Career website Glassdoor has released its fifth annual Employees’ Choice Awards, a list of the 50 best places to work for in the coming year. Facebook was elected number one for 2011, and made the top three for 2012. For 2013, the company is back on top.

About one-fifth of the list comprised of tech companies (full list):

  • 1. Facebook
  • 6. Google
  • 14. LinkedIn
  • 15. Rackspace
  • 17. Akamai
  • 22. Salesforce.com
  • 31. Intel
  • 33. Red Hat
  • 34. Apple
  • 43. SAP

We would have expected to see Google closer to Facebook on the list, but both of them being in the top 10 isn’t too surprising, given how well they pay their engineers. In fact, given the wide range of projects running at Google, it’s impressive to see Facebook above it.

Yet the real surprise is how far down other technology companies are on the list. Many likely would have expected to see Apple much higher up, though it’s probably even more eyebrow-raising to see Microsoft isn’t on it at all.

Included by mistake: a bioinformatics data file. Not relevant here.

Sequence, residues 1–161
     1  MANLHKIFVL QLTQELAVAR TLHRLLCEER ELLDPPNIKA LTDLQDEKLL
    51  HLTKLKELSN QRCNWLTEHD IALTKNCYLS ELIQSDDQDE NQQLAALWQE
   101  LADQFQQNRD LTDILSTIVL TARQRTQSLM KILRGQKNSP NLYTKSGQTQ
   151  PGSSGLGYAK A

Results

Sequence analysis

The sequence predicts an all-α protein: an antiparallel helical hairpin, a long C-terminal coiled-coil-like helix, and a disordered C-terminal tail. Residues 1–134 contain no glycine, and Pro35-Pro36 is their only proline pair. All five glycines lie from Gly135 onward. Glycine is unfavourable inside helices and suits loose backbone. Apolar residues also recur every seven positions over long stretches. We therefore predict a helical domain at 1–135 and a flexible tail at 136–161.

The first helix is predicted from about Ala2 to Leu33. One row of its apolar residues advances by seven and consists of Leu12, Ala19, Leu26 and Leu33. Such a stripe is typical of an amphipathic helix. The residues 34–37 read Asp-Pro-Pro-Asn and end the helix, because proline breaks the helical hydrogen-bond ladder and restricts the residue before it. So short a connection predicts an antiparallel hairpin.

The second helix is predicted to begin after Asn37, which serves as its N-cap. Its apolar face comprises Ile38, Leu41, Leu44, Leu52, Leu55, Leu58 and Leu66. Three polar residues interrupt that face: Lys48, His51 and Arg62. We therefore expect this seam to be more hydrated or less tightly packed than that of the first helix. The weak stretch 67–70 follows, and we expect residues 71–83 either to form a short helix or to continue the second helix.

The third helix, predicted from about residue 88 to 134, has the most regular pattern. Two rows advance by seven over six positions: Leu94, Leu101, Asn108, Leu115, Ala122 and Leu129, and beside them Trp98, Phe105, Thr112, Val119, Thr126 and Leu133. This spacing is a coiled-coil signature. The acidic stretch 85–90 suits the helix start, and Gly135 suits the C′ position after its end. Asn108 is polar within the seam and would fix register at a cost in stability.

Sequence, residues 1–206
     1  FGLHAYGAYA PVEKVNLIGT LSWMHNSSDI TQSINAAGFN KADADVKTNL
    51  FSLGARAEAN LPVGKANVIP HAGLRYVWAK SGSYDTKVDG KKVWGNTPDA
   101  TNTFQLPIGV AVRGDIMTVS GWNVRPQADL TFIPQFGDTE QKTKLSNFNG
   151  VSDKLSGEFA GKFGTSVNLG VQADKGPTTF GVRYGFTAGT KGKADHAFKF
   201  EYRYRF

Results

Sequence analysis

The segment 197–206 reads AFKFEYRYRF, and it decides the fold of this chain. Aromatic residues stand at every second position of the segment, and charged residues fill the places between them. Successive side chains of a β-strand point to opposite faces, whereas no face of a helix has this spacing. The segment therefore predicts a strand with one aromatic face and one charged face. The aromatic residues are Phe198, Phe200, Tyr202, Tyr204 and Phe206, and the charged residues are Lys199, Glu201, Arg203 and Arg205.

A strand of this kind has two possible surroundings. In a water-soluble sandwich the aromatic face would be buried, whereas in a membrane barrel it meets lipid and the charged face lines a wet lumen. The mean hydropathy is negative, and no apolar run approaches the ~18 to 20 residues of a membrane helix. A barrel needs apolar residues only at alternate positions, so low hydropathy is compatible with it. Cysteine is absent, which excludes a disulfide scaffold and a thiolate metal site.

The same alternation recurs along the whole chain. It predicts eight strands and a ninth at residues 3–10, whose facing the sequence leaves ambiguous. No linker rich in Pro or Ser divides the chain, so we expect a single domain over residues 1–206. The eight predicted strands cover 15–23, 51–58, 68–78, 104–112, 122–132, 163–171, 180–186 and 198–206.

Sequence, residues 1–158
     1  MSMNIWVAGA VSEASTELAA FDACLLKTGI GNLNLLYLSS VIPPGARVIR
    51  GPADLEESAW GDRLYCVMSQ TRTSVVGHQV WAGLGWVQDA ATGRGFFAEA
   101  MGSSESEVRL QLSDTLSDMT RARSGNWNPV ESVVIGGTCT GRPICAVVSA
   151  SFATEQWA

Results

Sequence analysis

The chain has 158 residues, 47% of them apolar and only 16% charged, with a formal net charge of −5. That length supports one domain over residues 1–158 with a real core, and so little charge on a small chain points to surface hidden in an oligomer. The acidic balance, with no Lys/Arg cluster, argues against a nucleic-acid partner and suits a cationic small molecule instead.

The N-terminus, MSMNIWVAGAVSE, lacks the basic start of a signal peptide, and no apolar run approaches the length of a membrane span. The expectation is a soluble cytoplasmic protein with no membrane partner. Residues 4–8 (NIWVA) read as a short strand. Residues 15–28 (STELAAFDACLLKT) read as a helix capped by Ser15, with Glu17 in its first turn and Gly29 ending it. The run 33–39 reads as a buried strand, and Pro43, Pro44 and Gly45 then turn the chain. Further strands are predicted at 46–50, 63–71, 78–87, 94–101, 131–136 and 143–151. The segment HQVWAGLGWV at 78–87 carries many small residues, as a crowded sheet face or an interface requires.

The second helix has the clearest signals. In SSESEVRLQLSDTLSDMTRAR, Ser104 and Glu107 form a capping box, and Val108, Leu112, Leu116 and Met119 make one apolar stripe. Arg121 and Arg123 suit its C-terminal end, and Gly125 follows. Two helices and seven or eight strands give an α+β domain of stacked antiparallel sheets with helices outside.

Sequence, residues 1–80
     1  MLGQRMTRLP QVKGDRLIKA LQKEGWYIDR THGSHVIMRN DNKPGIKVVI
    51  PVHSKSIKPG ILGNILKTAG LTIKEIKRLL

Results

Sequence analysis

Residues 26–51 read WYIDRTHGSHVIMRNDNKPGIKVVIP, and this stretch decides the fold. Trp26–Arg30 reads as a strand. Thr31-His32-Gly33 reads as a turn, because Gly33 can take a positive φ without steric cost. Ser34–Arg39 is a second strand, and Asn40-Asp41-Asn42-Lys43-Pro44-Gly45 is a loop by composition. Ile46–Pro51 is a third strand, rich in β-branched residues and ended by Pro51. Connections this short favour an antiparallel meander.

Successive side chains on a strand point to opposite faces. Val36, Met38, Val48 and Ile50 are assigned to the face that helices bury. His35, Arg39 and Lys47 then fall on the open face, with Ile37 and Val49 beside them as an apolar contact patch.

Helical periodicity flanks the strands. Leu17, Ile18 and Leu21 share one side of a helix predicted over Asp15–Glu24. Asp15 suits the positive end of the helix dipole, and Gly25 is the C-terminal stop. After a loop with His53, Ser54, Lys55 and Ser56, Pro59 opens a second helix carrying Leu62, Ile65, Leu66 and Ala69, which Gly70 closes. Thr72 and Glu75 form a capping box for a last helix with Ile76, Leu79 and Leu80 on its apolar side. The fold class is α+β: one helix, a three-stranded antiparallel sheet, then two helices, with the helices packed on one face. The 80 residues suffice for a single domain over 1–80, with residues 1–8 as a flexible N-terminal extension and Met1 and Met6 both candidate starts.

So how is the list put together anyway? The Employees’ Choice Awards is based on the input of employees who “elect to provide feedback” on their job, work environment, and company, via Glassdoor’s anonymous online company review survey. In other words, it’s based on what employees anonymously tell Glassdoor about their employer.

For Facebook, employees reportedly commented favorably about the opportunity to impact over 1 billion people, the company’s continued commitment to its “hacker culture,” trust in CEO Mark Zuckerberg, and the benefits. Facebook engineers approve of the perks they get that help them balance their work with their personal lives.

“We’re honored to receive this award from Glassdoor,” Lori Goler, Facebook’s vice president of people and recruiting, said in a statement. “We strive to make Facebook a place where everyone is able to have an impact doing what they love. Receiving this award is a testament to the culture of builders we’ve worked hard to create.”

See also – Google, BMW rated most attractive employers by European business, engineering students

Image credit: Carl Dwyer